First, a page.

Sunlight Foundation’s new plagiarism-detection software launches, claims a bust

Sunlight Foundation
A press release for Sunlight Foundation's new plagiarism-detection tool Churnalism claims a bust right out of the gate: Reuters' prematurely published obituary for George Soros "includes a number of references from his Wikipedia page," it says.

The tool compares text -- which you can either paste in or let Churnalism vacuum in from the URL -- against Wikipedia and a database of press releases, from "PR Newswire, PR News Web, EurekaAlert!, congressional leadership offices, the White House, a sampling of Fortune 500 companies, prominent philanthropic foundations and many more," the release says.

But could Soros' Wiki page have sucked in phrases from Reuters' obituary, as the release notes happened with a New York Times article? Edits made since the obituary was mistakenly published don't seem to indicate the wording moved in that direction (though I'm hardly an expert when it comes to forensic examinations of Wiki edits). I've contacted Reuters for comment; obviously the Soros piece was not intended to be published as is.

Jim Roberts joins Reuters

The New York Observer
Former New York Times Assistant Managing Editor Jim Roberts will become executive editor of Reuters Digital, Kara Bloomgarden-Smoke reports. Roberts took a buyout from the Times last month.

He'll "oversee the editorial work of and our global family of Reuters websites, our opinion team and our online video operation," Reuters Digital Editor Chrsytia Freeland wrote staff in an email obtained by Bloomgarden-Smoke.

Previously: New York Times’ Pilhofer: ‘There’s a lot of institutional memory walking out the door’ | New York Times editor to take 75,000 Twitter followers out the door with him (Paid Content)

The story behind that Reuters storm photo featured on four major front pages

Brian Snyder had no idea his storm photo appeared on the front pages of four major newspapers this weekend until people started sending him links about it, he said by phone Sunday afternoon.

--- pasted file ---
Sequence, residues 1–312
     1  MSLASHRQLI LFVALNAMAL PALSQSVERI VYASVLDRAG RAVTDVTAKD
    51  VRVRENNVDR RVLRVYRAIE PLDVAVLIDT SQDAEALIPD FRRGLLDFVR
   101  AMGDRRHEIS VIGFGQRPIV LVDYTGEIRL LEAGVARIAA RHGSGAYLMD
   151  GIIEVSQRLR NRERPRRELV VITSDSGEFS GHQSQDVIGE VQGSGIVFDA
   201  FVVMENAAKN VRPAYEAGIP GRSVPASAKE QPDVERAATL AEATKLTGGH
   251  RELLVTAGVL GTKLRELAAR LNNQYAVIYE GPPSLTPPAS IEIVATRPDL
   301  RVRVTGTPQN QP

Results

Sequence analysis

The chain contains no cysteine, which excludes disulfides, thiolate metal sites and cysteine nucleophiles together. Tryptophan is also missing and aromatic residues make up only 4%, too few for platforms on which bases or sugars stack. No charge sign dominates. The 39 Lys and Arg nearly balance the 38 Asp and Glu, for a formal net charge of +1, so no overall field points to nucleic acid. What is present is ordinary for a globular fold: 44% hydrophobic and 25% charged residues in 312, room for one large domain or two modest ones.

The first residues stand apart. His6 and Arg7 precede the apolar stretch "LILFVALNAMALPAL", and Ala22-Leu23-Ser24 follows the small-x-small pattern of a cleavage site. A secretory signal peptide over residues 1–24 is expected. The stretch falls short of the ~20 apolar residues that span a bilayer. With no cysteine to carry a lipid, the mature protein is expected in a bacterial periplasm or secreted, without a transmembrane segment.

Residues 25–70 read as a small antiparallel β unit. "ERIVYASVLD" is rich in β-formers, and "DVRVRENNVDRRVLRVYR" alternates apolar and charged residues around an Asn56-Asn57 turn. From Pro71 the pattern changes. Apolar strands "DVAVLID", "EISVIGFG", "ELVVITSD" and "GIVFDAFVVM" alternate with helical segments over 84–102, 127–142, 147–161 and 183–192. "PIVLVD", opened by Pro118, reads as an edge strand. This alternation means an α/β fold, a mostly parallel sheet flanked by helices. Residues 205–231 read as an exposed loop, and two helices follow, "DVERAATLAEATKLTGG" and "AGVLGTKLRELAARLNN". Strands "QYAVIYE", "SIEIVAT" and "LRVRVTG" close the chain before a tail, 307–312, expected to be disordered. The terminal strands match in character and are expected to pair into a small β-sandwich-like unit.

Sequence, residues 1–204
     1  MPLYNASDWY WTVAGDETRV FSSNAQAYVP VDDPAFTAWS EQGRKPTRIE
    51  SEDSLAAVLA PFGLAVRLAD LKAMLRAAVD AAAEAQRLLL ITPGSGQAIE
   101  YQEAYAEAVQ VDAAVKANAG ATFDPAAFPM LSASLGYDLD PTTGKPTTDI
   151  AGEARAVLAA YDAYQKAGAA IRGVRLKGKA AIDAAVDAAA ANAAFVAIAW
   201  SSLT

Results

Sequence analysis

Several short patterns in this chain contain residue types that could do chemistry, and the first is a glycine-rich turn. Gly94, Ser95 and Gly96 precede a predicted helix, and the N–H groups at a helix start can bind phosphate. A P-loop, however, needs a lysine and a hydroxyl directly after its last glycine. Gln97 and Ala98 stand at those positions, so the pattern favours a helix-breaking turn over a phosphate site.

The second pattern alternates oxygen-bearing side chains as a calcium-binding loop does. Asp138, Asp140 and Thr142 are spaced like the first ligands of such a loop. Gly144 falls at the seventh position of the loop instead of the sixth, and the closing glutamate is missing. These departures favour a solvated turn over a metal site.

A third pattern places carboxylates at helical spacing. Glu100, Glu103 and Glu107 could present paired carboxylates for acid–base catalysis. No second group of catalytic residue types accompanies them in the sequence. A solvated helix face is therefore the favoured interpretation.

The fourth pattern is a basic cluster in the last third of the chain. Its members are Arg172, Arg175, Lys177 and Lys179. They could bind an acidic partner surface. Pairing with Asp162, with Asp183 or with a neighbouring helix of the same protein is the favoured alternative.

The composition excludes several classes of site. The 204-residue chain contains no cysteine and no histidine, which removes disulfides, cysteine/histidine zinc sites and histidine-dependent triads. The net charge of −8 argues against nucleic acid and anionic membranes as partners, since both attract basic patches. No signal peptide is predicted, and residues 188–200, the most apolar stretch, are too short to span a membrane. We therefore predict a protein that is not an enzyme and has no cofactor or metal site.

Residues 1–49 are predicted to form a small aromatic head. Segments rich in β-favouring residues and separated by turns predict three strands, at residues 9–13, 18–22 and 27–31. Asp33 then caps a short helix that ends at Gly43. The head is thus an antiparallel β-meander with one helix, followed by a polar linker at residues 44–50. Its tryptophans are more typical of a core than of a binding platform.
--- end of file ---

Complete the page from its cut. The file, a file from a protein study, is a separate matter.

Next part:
These four papers (and a few more) featured Snyder's photo on Saturday's front page.
A senior photographer for Thomson Reuters, Snyder has covered five presidential campaigns, the Super Bowl, and most recently a snowball fight between students at Harvard and MIT. (more...)
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Canadian Press Photos

New York Times news apps team ventures into product development with Olympics syndication

The New York Times has built an impressive online home for its Olympics coverage, with instantly-updated results, medal counts, athlete bios, and of course stories and photos. And because the Times has joined with Reuters to syndicate that data and Read more

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Reuters corrects a misquote that said Facebook’s COO suffers from anxiety:

This story corrected paragraph 6 to show Sandberg said she sometimes gets anxious, not that she suffers from anxiety



Reuters photog who took ‘Texts from Hillary’ picture says viral meme was ‘a mystery to me’

Reuters | Storify
Reuters photographer Kevin Lamarque tells the story behind his now-famous photo of Hillary Clinton wearing sunglasses and checking her BlackBerry:

"On a secretive trip by Secretary of State Hillary Clinton to Tripoli, only days before the capture and killing of Libyan leader Muammar Gadaffi, I photographed Clinton aboard a C-17 transport plane. She was wearing dark sunglasses while texting from a makeshift desk she was working from. Okay, nice image I thought, but we were about to land in Tripoli which was certain to yield the images that the world would really want to see. Initially yes. But that was last October."

Last week it sparked a meme of 32 Tumblr posts suggesting what and who Clinton was text messaging. They got 83,000 shares on Facebook, over 45,000 Tumblr followers and a blitz of media coverage. In the end, Clinton herself joined the fun. In a Facebook chat on Thursday Lamarque said, "I am perhaps a bit old school, I don't tweet and I spend little time reading blogs, so the scope and scale of the whole thing was a bit of a mystery to me." And in the blog post, he adds: "Photographers, you never really know when your pictures will resurface and what use they will be to someone out there."